The Chinese economy, which grew 18.3% in the first quarter and 7.9% in the second quarter, lost its growth momentum and expanded 4.9% in the third quarter of this year.
The International Monetary Fund (IMF) revised its global economic growth projection to 5.9% for 2021 and kept its forecast for 2022 stable at 4.9%, reflecting pandemic-induced longer-than-expected supply shortages and worsening pandemic dynamics.
German think tank The Kiel Institute for the World Economy pointed out that global industrial output climbed above pre-crisis levels in early 2021 but has stagnated since then.
The European Central Bank head Christine Lagarde also warned that the globalized nature of the eurozone economy is highly vulnerable to systemic shocks from supply chain disruptions, highlighting that bottlenecks hit the eurozone more than any other economy.
Supply chain bottlenecks bring along inflationary concerns in the US and Europe.
Rising inflation rates push central banks to cut their pandemic-period incentive policies, which affects global economic growth negatively.
Problems in the supply chain had a hold on some companies' sales and profits in the third quarter. The downward revision in the sales expectations of publicly traded companies also put their shares under more pressure.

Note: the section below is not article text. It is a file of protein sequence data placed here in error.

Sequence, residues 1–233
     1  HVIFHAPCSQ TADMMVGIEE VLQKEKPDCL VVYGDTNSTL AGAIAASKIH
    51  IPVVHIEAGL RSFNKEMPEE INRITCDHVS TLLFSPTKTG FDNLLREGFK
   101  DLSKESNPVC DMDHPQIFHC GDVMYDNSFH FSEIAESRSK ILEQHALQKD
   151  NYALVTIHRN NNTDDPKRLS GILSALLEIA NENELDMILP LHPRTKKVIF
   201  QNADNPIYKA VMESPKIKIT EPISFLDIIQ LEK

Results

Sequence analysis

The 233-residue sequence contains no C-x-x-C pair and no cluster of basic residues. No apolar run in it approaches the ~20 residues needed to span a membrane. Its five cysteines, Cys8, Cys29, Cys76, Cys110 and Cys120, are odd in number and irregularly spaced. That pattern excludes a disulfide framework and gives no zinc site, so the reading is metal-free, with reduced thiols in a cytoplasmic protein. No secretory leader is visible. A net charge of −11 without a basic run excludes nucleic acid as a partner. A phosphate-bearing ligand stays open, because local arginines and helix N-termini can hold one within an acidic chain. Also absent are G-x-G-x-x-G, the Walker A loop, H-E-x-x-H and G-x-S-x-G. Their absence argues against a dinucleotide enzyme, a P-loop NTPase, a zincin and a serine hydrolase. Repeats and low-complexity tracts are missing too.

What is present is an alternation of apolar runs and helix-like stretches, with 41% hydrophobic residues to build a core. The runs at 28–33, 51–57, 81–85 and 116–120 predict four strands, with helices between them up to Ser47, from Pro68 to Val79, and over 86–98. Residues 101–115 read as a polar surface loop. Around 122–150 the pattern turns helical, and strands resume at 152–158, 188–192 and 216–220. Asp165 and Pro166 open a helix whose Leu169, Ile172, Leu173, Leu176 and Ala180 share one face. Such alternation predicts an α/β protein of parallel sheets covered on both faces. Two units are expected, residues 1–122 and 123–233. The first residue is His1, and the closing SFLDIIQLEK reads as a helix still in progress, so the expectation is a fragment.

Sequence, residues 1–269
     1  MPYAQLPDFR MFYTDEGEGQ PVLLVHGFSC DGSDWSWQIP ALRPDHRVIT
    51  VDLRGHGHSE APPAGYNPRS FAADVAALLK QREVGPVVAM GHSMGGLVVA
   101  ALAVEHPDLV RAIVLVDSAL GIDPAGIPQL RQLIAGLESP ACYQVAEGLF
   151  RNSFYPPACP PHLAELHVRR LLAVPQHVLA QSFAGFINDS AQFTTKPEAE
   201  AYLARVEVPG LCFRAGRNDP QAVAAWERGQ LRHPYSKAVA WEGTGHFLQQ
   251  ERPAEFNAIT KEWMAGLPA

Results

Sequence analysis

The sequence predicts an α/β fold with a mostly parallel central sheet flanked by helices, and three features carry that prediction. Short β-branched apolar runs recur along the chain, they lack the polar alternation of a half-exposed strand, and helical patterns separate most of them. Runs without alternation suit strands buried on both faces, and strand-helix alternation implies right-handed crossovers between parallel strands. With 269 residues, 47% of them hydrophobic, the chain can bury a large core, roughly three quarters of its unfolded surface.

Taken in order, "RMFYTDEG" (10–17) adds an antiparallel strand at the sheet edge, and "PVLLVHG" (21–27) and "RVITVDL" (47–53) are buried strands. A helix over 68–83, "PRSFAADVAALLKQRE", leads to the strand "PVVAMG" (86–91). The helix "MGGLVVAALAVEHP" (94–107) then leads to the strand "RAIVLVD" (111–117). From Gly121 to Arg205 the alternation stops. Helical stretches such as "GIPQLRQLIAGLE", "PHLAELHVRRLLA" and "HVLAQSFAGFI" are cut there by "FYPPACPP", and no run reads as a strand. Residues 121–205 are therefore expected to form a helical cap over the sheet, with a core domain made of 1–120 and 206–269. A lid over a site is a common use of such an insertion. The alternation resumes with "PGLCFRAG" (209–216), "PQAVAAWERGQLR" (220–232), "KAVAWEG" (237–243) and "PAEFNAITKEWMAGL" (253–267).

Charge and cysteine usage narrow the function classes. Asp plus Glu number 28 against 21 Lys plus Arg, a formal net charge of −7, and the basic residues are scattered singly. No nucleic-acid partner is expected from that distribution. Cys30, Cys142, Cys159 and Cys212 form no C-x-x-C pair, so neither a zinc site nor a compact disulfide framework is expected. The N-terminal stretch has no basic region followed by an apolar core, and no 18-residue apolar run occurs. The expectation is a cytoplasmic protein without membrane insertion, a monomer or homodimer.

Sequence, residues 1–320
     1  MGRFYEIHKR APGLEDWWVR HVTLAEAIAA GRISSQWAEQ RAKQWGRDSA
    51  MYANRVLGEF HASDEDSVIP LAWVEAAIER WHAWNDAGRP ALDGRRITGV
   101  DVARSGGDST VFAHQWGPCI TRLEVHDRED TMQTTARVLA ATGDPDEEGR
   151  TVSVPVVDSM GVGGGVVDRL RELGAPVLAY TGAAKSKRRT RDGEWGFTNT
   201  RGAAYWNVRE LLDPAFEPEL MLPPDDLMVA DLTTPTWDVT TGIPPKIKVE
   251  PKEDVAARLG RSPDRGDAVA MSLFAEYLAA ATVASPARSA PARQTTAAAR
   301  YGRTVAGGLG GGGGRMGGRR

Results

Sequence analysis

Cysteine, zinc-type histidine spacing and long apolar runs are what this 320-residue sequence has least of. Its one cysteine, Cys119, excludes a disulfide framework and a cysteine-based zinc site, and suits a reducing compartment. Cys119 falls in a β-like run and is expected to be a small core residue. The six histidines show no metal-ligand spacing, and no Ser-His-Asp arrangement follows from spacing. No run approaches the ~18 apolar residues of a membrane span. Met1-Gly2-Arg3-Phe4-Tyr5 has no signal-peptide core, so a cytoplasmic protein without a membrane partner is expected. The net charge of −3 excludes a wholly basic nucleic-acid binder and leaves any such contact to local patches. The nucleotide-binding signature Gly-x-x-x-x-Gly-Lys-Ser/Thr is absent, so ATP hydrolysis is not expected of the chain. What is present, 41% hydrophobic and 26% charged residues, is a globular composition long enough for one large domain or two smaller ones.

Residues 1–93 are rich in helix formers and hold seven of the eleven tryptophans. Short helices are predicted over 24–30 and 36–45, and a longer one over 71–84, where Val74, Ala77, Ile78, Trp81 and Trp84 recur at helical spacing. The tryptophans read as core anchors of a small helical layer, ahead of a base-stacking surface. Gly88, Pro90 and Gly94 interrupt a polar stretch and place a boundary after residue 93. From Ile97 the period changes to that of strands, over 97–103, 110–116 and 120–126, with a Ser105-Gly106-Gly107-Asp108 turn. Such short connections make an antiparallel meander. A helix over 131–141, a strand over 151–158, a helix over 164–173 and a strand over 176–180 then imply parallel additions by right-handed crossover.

Companies complain about rising material prices, extended delivery times due to delays in the supply chain and, in some cases, order cancellations.
As the world economy moves into the final phase of the COVID-19 pandemic, companies and consumers feel the global supply chain is under pressure.
The deepening energy crisis, especially in Europe, is causing serious damage and some surprising volatility in everything from transporting goods by train to growing vegetables in greenhouses.
Governments are trying to combat the higher gas and electricity prices that have plagued energy retailers and important sources of carbon dioxide. Energy shortages hit Europe as well as China and India, causing power cuts.
Experts point out that there is a history of worsening problems during the COVID-19 pandemic.
The global economic growth through giving priority to cheap goods production instead of supply chain flexibility and the creation of a single country-dependent supply chain may be the main problems, analysts argue.
Experts say that these problems will not be solved easily and that extending the working hours of employees in the logistics sector is a small step that targets only a part of the supply chain.
*Writing by Tuba Sahin in Ankara -